I do not mean to advocate self-publishing on the internet. I would much rather have a traditional publisher produce my next book and tend to its needs. These publishers are not, however, out-bidding each other to get my attention. But even if a well known publisher takes me up, I think there is certainly a place to have the novel *also* as an eBook. Make sure there is a place for both before there is not.
Image Credit: GearLog.com
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by Lindsay Buroker
About this time last year, I wrote up a blog post detailing how I was doing, financially speaking, on my new e-publishing endeavor (I got my start in December of 2010). When it came to ebook earnings, my grand total for March of 2011 was $724. At the time, I had two novels out, a couple of 99-cent short story collections, and the first Flash Gold novella (it, and my first Emperor’s Edge novel, are free in case you haven’t checked out my work yet and are dying to do so).
I didn’t think that $700 was too shabby considering I hadn’t been at the e-publishing thing for long. But when you look at how much time I was spending on promotion and writing, it wasn’t exactly a huge income either.
A year later, though, things have continued to pick up steam. I have two more novels out, two more novellas, and a new stand-alone short story. In March of 2012, I sold more than 4,000 ebooks, not including downloads of the freebies, and will earn over $5,000 (my ebooks range from 99 cents to $4.95).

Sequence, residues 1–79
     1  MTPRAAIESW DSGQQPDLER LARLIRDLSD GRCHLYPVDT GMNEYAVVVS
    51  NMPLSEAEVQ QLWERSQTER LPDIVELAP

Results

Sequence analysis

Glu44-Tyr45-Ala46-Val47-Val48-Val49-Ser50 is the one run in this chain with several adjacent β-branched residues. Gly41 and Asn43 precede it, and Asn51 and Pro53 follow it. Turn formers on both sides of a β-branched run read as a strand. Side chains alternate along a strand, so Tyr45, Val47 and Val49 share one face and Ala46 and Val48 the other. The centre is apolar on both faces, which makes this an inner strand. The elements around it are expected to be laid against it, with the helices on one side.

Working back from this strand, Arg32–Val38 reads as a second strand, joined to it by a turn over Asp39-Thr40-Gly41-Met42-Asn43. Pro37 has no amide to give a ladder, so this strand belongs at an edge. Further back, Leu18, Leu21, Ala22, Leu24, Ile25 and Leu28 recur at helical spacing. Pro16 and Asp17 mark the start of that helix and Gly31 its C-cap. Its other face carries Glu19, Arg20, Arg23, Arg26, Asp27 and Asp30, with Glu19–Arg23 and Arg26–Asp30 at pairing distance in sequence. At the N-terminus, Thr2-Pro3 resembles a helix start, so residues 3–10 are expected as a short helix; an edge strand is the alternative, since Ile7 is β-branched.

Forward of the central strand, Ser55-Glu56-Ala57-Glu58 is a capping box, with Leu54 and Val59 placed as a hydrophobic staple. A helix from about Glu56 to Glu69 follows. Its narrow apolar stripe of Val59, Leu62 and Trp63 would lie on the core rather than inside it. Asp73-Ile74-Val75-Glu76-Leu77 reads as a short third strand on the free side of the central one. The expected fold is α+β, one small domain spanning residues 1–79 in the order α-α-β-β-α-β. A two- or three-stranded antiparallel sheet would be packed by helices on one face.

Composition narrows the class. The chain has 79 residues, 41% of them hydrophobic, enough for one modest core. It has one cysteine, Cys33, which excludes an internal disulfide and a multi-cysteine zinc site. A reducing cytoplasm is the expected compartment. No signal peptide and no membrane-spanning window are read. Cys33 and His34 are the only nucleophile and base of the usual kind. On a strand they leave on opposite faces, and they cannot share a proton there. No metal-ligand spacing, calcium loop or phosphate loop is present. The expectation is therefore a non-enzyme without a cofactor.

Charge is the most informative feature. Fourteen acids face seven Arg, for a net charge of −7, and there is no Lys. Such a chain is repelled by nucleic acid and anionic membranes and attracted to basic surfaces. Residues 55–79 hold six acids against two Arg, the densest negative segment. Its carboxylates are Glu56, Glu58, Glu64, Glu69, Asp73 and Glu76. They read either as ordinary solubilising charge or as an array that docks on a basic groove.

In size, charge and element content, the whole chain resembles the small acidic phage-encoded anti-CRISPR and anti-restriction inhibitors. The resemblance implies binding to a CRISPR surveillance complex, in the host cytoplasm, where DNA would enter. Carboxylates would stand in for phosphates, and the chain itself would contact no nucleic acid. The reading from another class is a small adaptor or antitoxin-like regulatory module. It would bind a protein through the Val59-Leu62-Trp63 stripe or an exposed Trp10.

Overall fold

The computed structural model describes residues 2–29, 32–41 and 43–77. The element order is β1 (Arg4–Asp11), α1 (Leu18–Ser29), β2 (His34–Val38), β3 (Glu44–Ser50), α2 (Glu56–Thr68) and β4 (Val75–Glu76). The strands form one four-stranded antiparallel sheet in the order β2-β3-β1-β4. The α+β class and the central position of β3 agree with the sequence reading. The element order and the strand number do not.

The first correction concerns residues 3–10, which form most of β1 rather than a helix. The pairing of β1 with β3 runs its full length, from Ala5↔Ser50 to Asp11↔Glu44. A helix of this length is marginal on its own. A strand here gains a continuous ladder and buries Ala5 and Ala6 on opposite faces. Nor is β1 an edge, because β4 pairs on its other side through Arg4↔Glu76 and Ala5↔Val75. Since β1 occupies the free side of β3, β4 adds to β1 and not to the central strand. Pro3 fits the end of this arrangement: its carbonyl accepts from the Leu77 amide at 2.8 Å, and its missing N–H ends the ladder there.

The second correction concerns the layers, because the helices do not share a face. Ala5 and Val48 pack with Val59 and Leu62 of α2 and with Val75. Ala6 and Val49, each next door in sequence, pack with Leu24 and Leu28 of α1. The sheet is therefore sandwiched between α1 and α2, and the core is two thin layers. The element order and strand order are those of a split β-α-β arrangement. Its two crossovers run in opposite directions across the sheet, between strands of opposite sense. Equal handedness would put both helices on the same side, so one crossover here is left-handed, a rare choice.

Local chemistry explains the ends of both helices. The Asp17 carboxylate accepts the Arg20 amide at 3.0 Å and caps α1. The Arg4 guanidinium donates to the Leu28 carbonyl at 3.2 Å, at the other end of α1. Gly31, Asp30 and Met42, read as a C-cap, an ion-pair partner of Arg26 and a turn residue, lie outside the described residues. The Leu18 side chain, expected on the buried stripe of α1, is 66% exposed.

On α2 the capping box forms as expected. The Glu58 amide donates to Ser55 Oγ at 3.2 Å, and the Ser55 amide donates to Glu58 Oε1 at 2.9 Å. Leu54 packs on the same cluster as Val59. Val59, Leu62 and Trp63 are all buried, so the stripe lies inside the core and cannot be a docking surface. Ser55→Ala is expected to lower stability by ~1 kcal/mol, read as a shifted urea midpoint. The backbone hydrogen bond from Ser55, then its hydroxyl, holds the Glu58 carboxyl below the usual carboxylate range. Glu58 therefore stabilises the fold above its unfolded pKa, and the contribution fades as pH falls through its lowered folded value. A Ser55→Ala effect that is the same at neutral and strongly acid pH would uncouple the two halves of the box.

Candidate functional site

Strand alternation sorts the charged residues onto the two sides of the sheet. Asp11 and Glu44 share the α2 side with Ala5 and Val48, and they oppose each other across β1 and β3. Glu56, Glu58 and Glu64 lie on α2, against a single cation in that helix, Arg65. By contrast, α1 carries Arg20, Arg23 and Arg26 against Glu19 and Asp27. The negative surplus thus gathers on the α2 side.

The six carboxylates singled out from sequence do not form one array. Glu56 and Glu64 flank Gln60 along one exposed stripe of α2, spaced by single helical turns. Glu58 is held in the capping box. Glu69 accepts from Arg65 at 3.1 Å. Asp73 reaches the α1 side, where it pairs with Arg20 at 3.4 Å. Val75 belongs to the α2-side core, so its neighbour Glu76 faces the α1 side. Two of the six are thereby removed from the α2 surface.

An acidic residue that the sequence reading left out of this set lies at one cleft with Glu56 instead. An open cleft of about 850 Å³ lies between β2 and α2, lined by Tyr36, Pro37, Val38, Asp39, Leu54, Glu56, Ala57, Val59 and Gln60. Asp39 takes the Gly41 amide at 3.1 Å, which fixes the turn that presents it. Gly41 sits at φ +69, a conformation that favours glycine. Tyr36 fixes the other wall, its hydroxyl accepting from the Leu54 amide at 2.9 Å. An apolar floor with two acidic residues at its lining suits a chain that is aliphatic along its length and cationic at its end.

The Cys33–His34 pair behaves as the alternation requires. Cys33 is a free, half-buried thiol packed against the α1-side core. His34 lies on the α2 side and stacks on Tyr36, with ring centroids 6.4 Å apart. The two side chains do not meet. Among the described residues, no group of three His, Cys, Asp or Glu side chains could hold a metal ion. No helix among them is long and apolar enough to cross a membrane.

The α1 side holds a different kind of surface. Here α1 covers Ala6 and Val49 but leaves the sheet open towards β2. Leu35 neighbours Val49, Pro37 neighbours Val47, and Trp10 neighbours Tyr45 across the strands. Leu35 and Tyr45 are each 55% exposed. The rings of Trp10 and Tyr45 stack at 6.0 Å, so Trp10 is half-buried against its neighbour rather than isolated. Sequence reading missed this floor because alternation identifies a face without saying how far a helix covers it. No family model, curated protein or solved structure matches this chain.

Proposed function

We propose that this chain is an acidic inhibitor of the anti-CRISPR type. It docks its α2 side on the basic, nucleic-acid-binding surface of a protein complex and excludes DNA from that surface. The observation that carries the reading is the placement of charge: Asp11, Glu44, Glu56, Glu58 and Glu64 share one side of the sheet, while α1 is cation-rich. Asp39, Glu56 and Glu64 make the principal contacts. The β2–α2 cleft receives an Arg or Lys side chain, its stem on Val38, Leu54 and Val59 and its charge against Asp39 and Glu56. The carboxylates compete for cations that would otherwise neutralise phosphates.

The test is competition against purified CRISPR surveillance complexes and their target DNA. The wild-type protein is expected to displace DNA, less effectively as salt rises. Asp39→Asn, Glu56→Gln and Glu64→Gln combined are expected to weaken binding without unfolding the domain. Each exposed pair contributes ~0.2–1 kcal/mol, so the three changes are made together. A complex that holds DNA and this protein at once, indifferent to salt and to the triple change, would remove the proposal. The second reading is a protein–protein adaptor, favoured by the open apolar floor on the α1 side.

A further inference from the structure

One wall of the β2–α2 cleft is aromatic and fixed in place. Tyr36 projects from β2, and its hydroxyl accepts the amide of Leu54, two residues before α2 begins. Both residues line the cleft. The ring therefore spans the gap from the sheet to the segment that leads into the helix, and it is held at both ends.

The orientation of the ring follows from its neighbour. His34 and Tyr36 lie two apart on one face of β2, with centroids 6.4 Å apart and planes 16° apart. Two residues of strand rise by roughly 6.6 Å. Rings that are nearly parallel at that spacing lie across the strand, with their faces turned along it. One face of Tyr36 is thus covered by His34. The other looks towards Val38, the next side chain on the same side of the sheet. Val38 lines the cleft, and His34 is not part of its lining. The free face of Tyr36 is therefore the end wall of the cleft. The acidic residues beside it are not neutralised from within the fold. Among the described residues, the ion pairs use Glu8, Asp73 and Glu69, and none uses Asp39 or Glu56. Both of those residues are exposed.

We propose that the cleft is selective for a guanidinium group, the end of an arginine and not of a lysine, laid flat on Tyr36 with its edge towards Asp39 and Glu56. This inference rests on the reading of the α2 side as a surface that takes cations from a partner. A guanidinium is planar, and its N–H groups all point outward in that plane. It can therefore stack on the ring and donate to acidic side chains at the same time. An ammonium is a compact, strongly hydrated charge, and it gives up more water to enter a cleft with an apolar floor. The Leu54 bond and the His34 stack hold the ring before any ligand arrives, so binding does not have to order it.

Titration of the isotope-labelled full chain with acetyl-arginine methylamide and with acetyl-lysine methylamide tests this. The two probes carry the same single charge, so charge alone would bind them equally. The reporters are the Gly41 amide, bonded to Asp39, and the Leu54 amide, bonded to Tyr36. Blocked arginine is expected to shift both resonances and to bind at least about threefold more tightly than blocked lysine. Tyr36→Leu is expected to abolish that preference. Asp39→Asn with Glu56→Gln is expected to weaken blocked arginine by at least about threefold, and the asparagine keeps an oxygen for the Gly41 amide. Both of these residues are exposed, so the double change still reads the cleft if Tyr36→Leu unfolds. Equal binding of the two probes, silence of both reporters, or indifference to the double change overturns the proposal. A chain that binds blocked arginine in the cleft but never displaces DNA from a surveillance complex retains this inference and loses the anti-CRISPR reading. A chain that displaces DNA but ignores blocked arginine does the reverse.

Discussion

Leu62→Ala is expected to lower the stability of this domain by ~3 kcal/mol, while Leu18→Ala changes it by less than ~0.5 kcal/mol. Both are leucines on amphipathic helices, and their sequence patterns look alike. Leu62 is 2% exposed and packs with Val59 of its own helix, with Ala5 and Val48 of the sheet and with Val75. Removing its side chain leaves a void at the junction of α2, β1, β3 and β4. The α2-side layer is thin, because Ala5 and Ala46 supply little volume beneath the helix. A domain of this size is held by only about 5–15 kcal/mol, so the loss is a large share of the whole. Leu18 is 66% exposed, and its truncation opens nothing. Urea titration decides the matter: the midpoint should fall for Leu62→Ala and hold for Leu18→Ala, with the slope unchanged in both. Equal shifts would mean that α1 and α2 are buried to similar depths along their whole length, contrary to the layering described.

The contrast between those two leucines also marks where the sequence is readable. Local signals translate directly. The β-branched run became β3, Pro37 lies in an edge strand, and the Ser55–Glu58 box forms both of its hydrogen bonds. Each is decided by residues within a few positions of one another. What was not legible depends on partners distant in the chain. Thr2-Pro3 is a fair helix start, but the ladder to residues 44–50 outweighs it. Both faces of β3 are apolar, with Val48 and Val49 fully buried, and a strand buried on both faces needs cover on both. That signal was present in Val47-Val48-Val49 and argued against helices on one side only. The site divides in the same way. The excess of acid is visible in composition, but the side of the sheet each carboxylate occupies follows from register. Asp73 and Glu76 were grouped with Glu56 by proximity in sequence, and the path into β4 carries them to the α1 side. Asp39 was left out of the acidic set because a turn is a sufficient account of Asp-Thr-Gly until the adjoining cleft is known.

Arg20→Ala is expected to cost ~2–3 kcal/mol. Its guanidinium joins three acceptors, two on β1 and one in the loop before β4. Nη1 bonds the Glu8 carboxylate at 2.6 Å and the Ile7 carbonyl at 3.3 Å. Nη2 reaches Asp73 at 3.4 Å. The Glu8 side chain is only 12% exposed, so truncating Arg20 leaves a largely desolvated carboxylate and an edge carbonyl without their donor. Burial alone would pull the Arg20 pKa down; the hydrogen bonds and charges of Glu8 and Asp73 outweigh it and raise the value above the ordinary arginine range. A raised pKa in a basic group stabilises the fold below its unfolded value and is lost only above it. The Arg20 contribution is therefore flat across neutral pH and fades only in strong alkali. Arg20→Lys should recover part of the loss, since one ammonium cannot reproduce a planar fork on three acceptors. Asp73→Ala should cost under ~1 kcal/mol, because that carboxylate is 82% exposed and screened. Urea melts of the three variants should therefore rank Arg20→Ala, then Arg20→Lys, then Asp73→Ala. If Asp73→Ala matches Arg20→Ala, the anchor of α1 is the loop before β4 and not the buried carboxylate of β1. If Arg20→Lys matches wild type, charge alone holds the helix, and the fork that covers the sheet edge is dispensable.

Those are estimates, since the month just ended, and Smashwords can’t offer real-time reports from their partner sites (I’ve been selling decently at iTunes, in particular, since I made my first novel free over there), but I’m tickled with the growth in sales (and readers!) over the last year. I decided to officially make this “the day job” in December, though I’d been neglecting the old day job and writing and promoting nearly full-time long before.
I’m sure my earnings will continue to go up and down (as you’d expect, one tends to do best in the months that new releases come out), but I’m happy that, thanks to the current e-publishing paradigm, making a living as a self-published author (and not a best-selling one at that) is viable.
Secrets to self-publishing success?
So, what are the common threads?
- Lots of books out — Careers aren’t made on one or two books. Being prolific counts for a lot. At the risk of stating the obvious, the more books you have, the more books people can buy. If you’re working your buns off on promotion, and you only have one book out, you’re only going to be able to make 35 cents to a couple of dollars (depending on your book’s price) from each customer. But, if you have an eight-book series, and that same customer you worked so hard to get enjoys your work enough to go on to buy all of them, the earnings potential is much higher. Also, more books means more ways for people to stumble across your work. (Note: Don’t get bogged down thinking in terms of full-length novels — some people are having success serializing long books and others are doing novellas or shorter-than-average novels. With ebooks, there are no rules as to length.)